The daily dance of flowers tracking the sun is more fascinating than most of us realise


Julien Christ/Unsplash

Gregory Moore, The University of MelbourneWhen I was a child, I was intrigued by the Queensland box (Lophostemon confertus) growing in our backyard. I noticed its leaves hung vertical after lunch in summer, and were more or less horizontal by the next morning.

This an example of heliotropism, which literally means moving in relation to the sun. We can see it most clearly as spring arrives and various species burst into flower — you might even get the feeling that some flowers are watching you as they move.

Many of us probably first got to know of heliotropism at home, kindergarten or primary school by watching the enormous yellow and black flowering heads of aptly name sunflowers, which moved as they grew.

These flowers track the course of the sun spectacularly on warm and sunny, spring or summer days. Sometimes they move through an arc of almost 180⁰ from morning to evening.

So with the return of sunny days and flowers in full bloom this season, let’s look at why this phenomenon is so interesting.

The mechanics of tracking the sun

A number flowering species display heliotropism, including alpine buttercups, arctic poppies, alfalfa, soybean and many of the daisy-type species. So why do they do it?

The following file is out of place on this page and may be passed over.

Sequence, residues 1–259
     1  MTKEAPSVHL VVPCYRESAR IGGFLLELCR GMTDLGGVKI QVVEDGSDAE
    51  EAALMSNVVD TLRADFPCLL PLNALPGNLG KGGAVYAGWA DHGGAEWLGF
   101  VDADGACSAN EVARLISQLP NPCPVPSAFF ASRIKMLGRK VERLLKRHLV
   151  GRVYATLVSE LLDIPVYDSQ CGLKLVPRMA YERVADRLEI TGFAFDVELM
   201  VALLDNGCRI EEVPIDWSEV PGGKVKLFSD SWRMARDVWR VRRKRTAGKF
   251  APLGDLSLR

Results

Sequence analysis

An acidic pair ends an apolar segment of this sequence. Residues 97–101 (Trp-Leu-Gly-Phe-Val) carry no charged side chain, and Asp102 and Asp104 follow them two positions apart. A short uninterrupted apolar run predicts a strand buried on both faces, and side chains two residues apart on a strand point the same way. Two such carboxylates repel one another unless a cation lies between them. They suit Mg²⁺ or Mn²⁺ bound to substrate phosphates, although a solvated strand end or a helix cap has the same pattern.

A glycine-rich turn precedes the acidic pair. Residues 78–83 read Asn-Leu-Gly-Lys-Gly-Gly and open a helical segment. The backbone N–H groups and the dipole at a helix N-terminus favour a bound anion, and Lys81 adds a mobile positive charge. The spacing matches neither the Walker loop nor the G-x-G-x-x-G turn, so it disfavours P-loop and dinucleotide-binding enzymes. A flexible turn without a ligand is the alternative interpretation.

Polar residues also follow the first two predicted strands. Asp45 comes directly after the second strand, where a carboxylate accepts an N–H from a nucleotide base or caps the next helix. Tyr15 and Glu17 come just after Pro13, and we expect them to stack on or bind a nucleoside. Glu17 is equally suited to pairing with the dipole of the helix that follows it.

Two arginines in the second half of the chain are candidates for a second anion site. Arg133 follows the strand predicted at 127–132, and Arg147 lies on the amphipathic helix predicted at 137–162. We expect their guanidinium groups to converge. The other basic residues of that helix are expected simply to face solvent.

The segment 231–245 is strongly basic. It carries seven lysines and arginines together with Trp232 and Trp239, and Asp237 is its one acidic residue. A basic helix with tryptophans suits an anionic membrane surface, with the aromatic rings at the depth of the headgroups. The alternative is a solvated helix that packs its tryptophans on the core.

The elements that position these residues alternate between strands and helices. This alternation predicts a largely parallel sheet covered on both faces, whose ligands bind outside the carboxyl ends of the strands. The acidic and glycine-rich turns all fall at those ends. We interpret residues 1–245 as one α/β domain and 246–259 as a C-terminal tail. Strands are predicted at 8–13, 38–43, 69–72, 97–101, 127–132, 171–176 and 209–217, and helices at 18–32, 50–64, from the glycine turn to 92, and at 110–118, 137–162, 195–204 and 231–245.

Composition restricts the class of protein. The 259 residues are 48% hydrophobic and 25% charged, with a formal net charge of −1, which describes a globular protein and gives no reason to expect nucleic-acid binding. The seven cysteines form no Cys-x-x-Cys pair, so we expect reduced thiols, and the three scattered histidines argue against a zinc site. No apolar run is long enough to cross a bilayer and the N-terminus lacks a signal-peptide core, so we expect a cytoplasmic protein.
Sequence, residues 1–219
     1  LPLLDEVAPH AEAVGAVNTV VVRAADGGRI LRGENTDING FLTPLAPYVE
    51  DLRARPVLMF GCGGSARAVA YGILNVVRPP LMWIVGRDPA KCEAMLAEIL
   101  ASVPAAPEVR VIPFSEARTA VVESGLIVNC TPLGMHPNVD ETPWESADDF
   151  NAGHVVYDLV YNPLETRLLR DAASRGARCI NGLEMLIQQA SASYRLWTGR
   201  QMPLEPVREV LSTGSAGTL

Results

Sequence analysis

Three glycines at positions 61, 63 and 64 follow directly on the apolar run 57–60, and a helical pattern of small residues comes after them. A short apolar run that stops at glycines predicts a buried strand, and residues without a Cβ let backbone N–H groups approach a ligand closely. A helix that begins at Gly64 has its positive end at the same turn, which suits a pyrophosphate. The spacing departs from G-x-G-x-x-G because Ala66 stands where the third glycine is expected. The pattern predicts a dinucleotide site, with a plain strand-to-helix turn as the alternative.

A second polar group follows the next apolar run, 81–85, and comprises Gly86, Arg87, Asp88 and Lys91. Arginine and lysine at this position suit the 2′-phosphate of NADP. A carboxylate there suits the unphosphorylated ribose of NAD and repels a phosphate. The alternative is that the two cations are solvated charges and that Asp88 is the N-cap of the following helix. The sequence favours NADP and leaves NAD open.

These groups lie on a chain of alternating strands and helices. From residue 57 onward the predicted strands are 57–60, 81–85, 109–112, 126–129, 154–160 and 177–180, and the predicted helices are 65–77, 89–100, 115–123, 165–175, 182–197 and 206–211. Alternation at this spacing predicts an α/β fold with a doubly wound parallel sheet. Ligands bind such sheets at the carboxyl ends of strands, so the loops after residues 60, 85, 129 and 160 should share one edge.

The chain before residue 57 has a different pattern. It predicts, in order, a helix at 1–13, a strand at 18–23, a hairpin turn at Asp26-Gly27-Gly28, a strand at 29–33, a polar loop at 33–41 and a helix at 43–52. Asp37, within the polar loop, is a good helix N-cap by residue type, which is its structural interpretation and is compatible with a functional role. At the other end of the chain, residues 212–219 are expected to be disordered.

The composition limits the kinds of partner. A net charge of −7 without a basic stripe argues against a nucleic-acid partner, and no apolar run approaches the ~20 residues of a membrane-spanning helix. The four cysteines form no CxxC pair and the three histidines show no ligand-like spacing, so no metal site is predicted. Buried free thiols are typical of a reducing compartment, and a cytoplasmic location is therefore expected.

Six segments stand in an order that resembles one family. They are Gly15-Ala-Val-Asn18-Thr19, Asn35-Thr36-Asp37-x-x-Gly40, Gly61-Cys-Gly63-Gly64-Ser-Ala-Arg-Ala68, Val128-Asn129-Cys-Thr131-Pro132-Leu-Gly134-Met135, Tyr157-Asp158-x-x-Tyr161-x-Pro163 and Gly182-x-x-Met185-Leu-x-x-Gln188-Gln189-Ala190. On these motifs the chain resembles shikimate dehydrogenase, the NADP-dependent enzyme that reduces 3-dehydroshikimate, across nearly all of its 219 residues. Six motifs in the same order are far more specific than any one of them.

This is Heliotropium arborescens, named for its heliotropism. They were very popular in gardens a century or more ago, but have fallen from favour as they can be poisonous and weedy.
Shutterstock

Flowers are really in the advertising game and will do anything they can to attract a suitable pollinator, as effectively and as efficiently as they can. There are several possible reasons why tracking the sun might have evolved to achieve more successful pollination.

By tracking the sun, flowers absorb more solar radiation and so remain warmer. The warmer temperature suits or even rewards insect pollinators that are more active when they have a higher body temperature.

Optimum flower warmth may also boost pollen development and germination, leading to a higher fertilisation rate and more seeds.




Read more:
Why there’s a lot more to love about jacarandas than just their purple flowers


So, the flowers are clearly moving. But how?

For many heliotropic flowering species, there’s a special layer of cells called the pulvinus just under the flower heads. These cells pump water across their cell membranes in a controlled way, so that cells can be fully pumped up like a balloon or become empty and flaccid. Changes in these cells allow the flower head to move.

Venus fly trap
Fly traps have somewhat similar mechanics to heliotropism.
Shutterstock

When potassium from neighbouring plant cells is moved into the cells of the pulvinus, water follows and the cells inflate. When they move potassium out of the cells, they become flaccid.

These potassium pumps are involved in many other aspects of plant movement, too. This includes the opening and closing of stomata (tiny regulated leaf apertures), the rapid movement of mimosa leaves, or the closing of a fly trap.

But sunflowers dance differently

In 2016, scientists discovered that the pin-up example of heliotropism — the sunflower — had a different way of moving.